Strategynut

September 4, 2008

The art of the recruiting interview: the S-A-O-L rule

Filed under: HR — Nicola Rowe @ 6:39 am
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Want to know how potential employees will perform in a new job? Apply the SAO L formula: Situation – Action – Outcome – Learnings to mine their past behaviour and predict how well they will perform with your company.

 

The first step is to think of a situation you expect the new employee to encounter at your company and match it with a situation in your applicant’s past. Choose one where it’s crucial that your new hire will excel. For example, you might be filling a position involving dealing with dissatisfied customers. That’s your starting situation. Now, look for a similar situation in your interviewee’s past. Using concrete questions, probe to see whether your interviewee has dealt with angry customers in the past. Ask, “Can you describe a situation where…” or “Tell me about a time when you….”. Note that it’s important not to ask hypothetical questions. Never ask “How would you react if…” That doesn’t tell you anything about what the applicant has done in the past: it only tells you how creative his or her imagination is.

 

Once you’ve lined up a situation to explore, you’ll need to understand what your applicant did. Press the applicant to be as concrete as possible, using phrases like “Tell me specifically what you did”, or “What exactly did you do”. Question the applicant politely but closely until you understand exactly what steps he or she took in the past. What exactly did the applicant do to handle irate customers? You want to finish this step with concrete examples of what happened.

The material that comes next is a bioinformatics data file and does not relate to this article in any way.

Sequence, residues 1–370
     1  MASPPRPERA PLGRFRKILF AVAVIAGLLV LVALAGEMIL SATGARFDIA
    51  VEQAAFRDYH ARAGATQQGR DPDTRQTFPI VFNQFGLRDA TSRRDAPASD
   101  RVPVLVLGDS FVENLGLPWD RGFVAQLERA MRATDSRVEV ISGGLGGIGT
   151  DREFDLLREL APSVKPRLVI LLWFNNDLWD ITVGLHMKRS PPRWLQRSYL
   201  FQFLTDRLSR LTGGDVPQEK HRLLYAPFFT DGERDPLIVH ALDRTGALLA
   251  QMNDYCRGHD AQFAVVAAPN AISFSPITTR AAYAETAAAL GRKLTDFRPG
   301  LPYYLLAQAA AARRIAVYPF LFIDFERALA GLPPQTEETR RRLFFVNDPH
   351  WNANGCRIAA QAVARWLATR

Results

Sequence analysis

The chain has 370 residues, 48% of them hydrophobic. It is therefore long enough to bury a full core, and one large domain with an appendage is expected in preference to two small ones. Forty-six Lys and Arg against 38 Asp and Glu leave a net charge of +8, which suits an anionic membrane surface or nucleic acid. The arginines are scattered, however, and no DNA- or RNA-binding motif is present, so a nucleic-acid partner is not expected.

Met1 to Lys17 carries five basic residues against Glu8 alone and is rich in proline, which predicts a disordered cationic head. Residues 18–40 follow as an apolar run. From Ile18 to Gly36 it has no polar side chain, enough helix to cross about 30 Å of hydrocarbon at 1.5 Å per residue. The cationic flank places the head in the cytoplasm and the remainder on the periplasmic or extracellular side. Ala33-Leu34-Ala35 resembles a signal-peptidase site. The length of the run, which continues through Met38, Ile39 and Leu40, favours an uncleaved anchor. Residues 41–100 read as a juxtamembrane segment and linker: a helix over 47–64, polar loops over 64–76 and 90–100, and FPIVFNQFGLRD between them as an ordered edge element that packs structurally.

Next, you want to know how effective the applicant was, so you need to make sure you understand what the outcome was. If your applicant tells you that he or she dealt with angry customers by explaining that the fine print on the warranty meant that the company couldn’t provide product support, you’ll want to know whether that was effective. Was the applicant able to meet the challenge? Applicants who were unsuccessful in meeting common challenges in the past are unlikely to be successful in future.

 

Finally, you want to understand what the applicant learned from his or her experience. For example, your applicant might say, “Initially, I carefully explained the conditions of our warranty to customers and made clear why we couldn’t support products beyond twelve months. But then I realised that satisfied customers often more than made up for the cost of that support in extra business and referrals, so I started to waive that time limit if they were only one or two months past the expiry date.” Establishing what the employee has learned tells you two things. First, it tells you that the employee was able to adapt and meet the challenge successfully. Secondly, it tells you that the applicant is able to take on and respond to feedback – a characteristic which will make him or her a successful employee in your own workplace.

 

In sum, the rule to remember is this: Past behaviour predicts future behaviour. To know how applicants will perform at your firm, first define a situation that they are likely to encounter, then probe for a similar situation in their past. Next, find out what they did when that situation occurred. Thirdly, discover how effective they were – once you know what they did, ask what happened next. Finally, ask them what they learned from the situation.